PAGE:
Talladega in the Springtime: Brad Keselowski! (Photo: Getty Images for NASCAR)
By Mike Mulhern
Dodge hasn't won a NASCAR Cup championship since Richard Petty did it in 1975.
That was 37 years ago.
More than a generation ago.
The king was a youthful 38 that season, and some of his best years were still ahead of him, like that epic 1979 title fight with Darrell Waltrip and that legendary 1984 Daytona duel with Cale Yarborough.
Brad Keselowski comes into Sunday's race as Dodge's most potent title contender in years, decades even.
Keselowski, whose enthusiasm, savvy, wit and yes trickery has been fun to follow this season, is atop the Sprint Cup standings heading into Round Four of the playoffs.
And Roger Penske, Keselowski's team owner, has been almost beside himself these past few weeks, clearly relishing his driver taking the measure of the sport's 'Gold Standard,' Jimmie Johnson.
Keselowski and crew chief Paul Wolfe outfoxed Johnson and Chad Knaus to win Chicago, and they outfoxed their rivals again Sunday at Dover, Del., in winning for the fifth time this season.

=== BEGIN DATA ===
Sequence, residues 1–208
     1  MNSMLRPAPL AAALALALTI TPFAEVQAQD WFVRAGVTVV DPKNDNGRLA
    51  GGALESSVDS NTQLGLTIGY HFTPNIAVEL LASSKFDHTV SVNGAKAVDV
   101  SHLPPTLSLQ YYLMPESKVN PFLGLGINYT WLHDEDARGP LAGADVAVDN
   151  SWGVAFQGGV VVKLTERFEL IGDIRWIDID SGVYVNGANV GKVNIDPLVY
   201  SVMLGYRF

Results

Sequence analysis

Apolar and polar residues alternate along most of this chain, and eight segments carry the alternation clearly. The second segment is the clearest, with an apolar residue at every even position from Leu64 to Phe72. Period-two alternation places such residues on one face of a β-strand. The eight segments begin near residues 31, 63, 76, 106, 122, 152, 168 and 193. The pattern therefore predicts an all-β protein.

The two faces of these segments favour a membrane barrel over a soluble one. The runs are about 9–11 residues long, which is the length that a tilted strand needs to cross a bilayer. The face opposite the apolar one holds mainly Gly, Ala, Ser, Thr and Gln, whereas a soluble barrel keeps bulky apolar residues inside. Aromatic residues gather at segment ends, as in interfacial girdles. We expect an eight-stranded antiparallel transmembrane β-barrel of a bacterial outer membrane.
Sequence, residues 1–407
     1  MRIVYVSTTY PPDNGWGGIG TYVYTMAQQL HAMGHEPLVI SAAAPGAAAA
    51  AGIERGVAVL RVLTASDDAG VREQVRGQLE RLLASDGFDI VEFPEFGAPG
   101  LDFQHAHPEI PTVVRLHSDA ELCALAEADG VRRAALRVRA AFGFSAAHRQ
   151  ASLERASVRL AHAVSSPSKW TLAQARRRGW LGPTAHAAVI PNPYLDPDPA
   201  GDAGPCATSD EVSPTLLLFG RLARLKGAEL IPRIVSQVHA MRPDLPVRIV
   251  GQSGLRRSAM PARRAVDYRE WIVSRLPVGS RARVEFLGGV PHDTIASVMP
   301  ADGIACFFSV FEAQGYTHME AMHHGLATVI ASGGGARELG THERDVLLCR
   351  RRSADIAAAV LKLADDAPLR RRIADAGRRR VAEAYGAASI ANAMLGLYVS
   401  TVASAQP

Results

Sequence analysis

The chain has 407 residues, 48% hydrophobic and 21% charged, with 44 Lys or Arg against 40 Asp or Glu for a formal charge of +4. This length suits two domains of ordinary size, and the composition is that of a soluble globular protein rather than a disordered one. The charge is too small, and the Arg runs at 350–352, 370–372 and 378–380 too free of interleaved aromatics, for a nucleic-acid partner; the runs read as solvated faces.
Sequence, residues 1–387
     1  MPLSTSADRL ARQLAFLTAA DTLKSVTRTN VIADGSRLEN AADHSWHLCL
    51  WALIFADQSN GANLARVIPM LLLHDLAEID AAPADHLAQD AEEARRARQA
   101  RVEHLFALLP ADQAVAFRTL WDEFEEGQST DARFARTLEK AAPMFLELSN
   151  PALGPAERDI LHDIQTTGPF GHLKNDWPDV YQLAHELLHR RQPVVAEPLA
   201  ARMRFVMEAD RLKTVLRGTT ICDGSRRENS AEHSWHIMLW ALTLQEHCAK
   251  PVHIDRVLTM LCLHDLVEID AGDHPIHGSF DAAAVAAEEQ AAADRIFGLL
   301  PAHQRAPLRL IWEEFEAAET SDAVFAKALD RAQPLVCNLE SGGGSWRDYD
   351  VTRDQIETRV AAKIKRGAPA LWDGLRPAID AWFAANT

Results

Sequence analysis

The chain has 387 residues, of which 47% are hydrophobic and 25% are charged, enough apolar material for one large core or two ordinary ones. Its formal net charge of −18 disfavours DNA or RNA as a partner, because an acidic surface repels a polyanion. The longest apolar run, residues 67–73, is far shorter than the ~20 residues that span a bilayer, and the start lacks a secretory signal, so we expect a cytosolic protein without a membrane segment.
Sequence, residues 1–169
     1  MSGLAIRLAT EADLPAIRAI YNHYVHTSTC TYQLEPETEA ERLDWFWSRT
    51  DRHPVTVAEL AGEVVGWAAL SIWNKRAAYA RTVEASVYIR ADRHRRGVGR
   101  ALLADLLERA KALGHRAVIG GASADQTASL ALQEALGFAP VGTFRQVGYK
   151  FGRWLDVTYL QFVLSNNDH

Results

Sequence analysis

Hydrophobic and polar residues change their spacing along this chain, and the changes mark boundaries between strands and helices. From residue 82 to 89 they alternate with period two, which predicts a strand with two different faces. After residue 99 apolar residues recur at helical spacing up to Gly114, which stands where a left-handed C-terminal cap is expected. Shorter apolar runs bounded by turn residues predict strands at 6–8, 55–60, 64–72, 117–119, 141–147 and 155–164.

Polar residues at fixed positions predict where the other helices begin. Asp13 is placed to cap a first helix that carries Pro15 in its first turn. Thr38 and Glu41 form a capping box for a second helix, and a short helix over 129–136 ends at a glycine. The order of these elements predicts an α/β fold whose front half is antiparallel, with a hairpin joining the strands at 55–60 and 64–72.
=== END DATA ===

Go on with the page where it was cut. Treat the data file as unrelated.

How ironic...that Chrysler-Fiat execs decided in August to bail out of NASCAR...that Chrysler-Fiat botched this American marketing program so badly.
Remember Dodge is a high-performance car brand. And Brad Keselowski is a high-performance NASCAR driver, just coming of age.
Are any Dodge-Chrysler-Fiat executives even paying attention?
Does it make any difference if they? Keselowski and Penske and Company are soon-to-be Ford stars.
Great job, Sergio.
That's not the only major story line this week.
Is the NASCAR championship boiling down to a three-man chase?
Three races into the 10-race playoffs, that's what it's looking like.
But is it time to concede that this 12-man chase simply doesn't work anymore.
First, there aren't 12 championship caliber teams in this sport, sorry. Five, maybe six at best. Maybe not even that.
It's a lot of marketing hype -- nothing wrong with that of course -- pretend otherwise.
And it does make for a nice presentation...if it didn't happen to come in mid-September, with the NFL and Major League Baseball dominating the sports world...and if it didn't feature an opening event the cornfields an hour west of Chicago itself.
But, honest, many in this sport, if not most, are simply playing through the 26-race regular season to make the chase itself, not really looking at challenging for the title. Make the chase and you can get a new contract, a new sponsor. But then maybe that's really what the chase has become.